why do squirrels eat green pine cones
I have a massive Pinus strobus on the property, Scot -- the squirrels can have their fill of that one -- other than that, however, I have smaller, newer specimens only, Pinus densiflora 'Oculus Draconis', Pinus Parviflora 'Venus,' a small Pinus strobus 'Thunderhead,' and a Pinus mugo 'Mops' Squirrels haven't touched any of those latter pines. but. What I'm paranoid about are these two new arrivals. The Pinus heldreicheii 'Smidtii' particularly (from Stanley and Sons) is a perfect, stunning miniature pine specimen. One rogue squirrel could decimate it. Ken -- I'm certain it was grey squirrels who attacked my Picea pungens 'The Blues' last April. Like your despised rabbits, they chewed off every new growth bud, leaving them scattered around, not eating them but they kept trying the next, as if the flavor might change. They also destroyed almost evey bud on a nearby Camellia (which may have lured them in -- then after being frustrated by the Camellia's inedibility, they attacked my poor Picea out of spite). I love animals, in fact I'm a vegan, but that's pure evil. Do you know there are bounties on grey squirrels in England, where they have edged the native red squirrel virtually out of existence?
I have, I believe, Norfolk pine trees on my property that I bought in 2010 in Ormond-by-the-Sea. I have, I believe, Norfolk pine trees on my property that I bought in 2010 in Ormond-by-the-Sea.
These tree are very tall and for the past 2 1/2 years these trees have dropped long needles. I have continued to rake them up with no problems because the trees create a lot of welcome shade on my property. However, this year, they bore pine cones and have shed little pieces of those cones each and every day for the last three months in addition to the needles. My question is, why have they just showed up this year? And is this situation going to be yearly or is this something like the 17-year locust? Douglas N. Kinney You must be referring to a slash pine, as Norfolk Island pines have small needles. Anyway, I need you to look up in the tree. Do you see squirrels? They are the culprits. They will chew the green pine cone, stripping it to get to the seeds inside each cone bract. When finished, they drop the cone down from the tree where it dries and remains for us to find with the lawn mower. It appears cone-shaped with the scattered bracts. The frequency of this depends on your squirrel population. It must be a good year for tasty pine cone seeds. Once squirrels find your location, they tend to remember it. Expect them yearly if you have cones. People at the local nursery said you would identify this flower/plant from a picture. Is there a website that tells me how to dry a flower like this and get seeds for replanting?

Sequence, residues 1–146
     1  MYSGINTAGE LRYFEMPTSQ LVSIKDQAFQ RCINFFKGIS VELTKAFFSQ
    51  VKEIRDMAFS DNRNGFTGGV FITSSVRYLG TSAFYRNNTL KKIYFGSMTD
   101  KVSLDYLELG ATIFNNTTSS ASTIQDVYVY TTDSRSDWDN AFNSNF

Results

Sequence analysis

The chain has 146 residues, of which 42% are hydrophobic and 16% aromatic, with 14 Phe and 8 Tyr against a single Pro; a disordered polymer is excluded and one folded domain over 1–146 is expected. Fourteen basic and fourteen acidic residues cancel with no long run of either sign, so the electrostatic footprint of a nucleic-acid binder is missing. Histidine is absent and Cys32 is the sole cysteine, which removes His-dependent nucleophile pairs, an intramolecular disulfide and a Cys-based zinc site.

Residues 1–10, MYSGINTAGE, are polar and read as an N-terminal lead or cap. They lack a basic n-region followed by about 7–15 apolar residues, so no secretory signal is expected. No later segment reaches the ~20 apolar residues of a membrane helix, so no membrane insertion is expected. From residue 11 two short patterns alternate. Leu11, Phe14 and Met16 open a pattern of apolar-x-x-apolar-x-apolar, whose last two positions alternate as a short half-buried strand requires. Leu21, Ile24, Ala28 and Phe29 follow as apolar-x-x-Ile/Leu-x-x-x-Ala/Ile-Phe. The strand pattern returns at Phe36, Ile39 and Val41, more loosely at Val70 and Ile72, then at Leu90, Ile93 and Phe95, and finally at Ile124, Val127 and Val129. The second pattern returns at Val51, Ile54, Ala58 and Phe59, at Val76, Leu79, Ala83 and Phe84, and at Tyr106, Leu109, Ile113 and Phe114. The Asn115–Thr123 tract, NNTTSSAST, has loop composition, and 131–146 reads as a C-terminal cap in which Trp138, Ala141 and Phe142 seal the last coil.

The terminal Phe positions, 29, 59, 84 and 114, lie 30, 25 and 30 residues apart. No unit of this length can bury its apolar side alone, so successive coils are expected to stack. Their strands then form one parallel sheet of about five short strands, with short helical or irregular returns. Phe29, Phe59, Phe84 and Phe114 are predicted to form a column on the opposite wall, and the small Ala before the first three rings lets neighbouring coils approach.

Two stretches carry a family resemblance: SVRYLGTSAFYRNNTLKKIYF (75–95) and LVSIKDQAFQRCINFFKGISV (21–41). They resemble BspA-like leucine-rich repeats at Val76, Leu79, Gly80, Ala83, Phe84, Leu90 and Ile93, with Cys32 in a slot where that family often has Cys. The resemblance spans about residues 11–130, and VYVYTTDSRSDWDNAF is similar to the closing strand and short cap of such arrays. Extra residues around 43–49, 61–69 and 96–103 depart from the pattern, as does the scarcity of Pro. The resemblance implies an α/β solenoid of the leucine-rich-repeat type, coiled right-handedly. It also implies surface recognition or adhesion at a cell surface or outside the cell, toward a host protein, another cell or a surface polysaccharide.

This looks like a Rudbeckia hirta variety. It's a keeper! Pretty flower! Try going to edis. ifas. ufl. edu/ep139 for guidance on wildflower seed collection. The Florida Wildflower Federation, flawildflowers. org, is also a good source for seed. Seed is usually available in fall in most nurseries, and big box stores (Lowe's, Wal-Mart, Home Depot, etc. ). Have fun with it! Is there any rule of thumb regarding the use of mulch? We seem to have so many options and urgings to use mulch but I wonder if is always beneficial. I know some veggies and crops thrive (or do poorly) when planted near certain other veggies. Is there any such thing with using mulches around shrubbery, or lilies, or fruit trees? What about heavily colored (red, black) mulch? As a rule of thumb, the University of Florida recommends the use of mulch around ornamentals to reduce weeds, conserve water and the aesthetic value. However, we do not recommend it around citrus, palms or any plants that generally like their pH at alkaline conditions. If you do mulch, use only enough to cover the area away from the base 8 to 10 inches away from the shrub, tree, etc. those areas that are in contact with the sun to prevent weed germination. Avoid having it touch the base of any plant, shrub or tree to prevent any ant, gnat, beetle or foot rot.
It is shaded under the canopy of the plant anyway. Rake away any from the foundation of the house as well (2 to 3 feet). It only encourages extra moisture, roaches and termites. As far as the colored mulches, it really doesn't matter the color you use except that it may impact heat. The darker the color, the hotter the mulch. If you lay down ground cloth first then mulch on top, it helps to reduce the weed growth, moisture, etc. However, weeds and moisture can still grow/pass through it. Do not dump the colored mulch on your driveway as you spread it in your landscape. It permanently stains the concrete, especially after a Florida rain. I use plastic mulch (black plastic) only around vegetables to maximize heat. Clear plastic mulch is used in solarization. As far as companion plants. yes, some respond better than others depending upon nearby plants. It is recommended that you rotate your crops on a four-year rotation in Florida. In other words, if you plant tomatoes in one area of the garden, rotate the next year with beans, then corn, then broccoli as an example. This prevents buildup of diseases specific to any crops. Karen Stauderman is commercial horticulture agent for the University of Florida/Volusia County Extension. Reach her at 3100 E. New York Ave. , DeLand, FL 32724-6497, 386-822-5778 or email kstauderman@co. volusia. fl. us.
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